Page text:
Cook expressed these views in a lengthy op-ed in The Washington Post Sunday night, following the passage of the Religious Freedom Restoration Act in Indiana last week. The Indiana law makes it legal for businesses to refuse service to same-sex couples on the grounds of their religious beliefs. While Indiana’s law has drawn the most attention, it is but one of many similar bills that have been proposed recently, all of which seek to prioritize some people’s religious freedoms over other people’s civil liberties. Another proposed bill in Texas, which Cook points out in his op-ed, would prohibit government workers from issuing same-sex marriage licenses or risk losing their salaries, pensions, and other benefits. Cook, who is the first openly gay CEO on the Fortune 500 list, writes that these laws are not only discriminatory, they’re flat out “dangerous.”

“These bills rationalize injustice by pretending to defend something many of us hold dear,” Cook writes. “They go against the very principles our nation was founded on, and they have the potential to undo decades of progress toward greater equality.”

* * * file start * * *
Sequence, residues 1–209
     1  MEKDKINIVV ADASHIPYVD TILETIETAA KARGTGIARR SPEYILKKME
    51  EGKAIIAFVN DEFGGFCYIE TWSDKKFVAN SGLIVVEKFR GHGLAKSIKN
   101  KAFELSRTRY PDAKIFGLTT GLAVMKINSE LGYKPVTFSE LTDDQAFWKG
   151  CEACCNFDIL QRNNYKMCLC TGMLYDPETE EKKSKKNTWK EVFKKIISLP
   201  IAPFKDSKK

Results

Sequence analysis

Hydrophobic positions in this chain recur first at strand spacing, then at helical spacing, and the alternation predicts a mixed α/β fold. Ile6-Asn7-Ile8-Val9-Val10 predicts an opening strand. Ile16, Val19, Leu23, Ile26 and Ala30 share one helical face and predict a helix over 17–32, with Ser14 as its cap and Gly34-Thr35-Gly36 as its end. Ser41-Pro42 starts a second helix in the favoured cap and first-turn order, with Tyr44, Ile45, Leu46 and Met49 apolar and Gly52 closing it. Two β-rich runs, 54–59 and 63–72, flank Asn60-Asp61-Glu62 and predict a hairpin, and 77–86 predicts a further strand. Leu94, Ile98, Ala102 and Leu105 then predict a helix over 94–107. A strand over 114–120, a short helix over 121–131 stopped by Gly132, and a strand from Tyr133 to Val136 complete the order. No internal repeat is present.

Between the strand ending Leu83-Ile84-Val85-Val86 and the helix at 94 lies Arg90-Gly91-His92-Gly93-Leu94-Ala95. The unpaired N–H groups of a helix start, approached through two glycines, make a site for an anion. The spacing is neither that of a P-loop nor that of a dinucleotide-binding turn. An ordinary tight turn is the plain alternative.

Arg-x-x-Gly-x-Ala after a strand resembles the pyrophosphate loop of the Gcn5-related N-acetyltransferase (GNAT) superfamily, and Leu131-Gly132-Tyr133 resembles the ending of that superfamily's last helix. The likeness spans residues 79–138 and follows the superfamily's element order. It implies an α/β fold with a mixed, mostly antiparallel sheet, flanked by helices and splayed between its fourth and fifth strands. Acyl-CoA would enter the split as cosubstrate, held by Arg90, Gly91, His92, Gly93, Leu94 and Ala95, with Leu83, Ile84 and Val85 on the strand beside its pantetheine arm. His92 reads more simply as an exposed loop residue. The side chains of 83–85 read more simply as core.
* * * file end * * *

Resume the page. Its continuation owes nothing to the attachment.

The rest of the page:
As one of the world’s most powerful business leaders, Cook argues that these laws threaten not just individual rights, but also the strength of the business community and the economy. “From North Carolina to Nevada, these bills under consideration truly will hurt jobs, growth and the economic vibrancy of parts of the country where a 21st-century economy was once welcomed with open arms,” he writes.

Cook isn’t the only prominent business executive speaking out on this subject. Last week, CEO Marc Benioff announced that the company was canceling all scheduled events in Indiana in protest of the new law. Yelp CEO Jeremy Stoppelman also condemned the laws in a blog post, and warned other states considering similar legislation that “Yelp will make every effort to expand its corporate presence only in states that do not have these laws allowing for discrimination on the books.”

Such strong opposition from the tech community doesn’t guarantee that states will back down from the wave of discriminatory legislation that’s washing over the country. Still, having some of the country’s leading companies threaten to abstain from doing business within those states is certainly a powerful bargaining chip. Already, Indiana Governor Mike Pence, who signed the Religious Freedom Bill into law, says that he is working on ways to “clarify the intent of the law,” so it is less overtly discriminatory.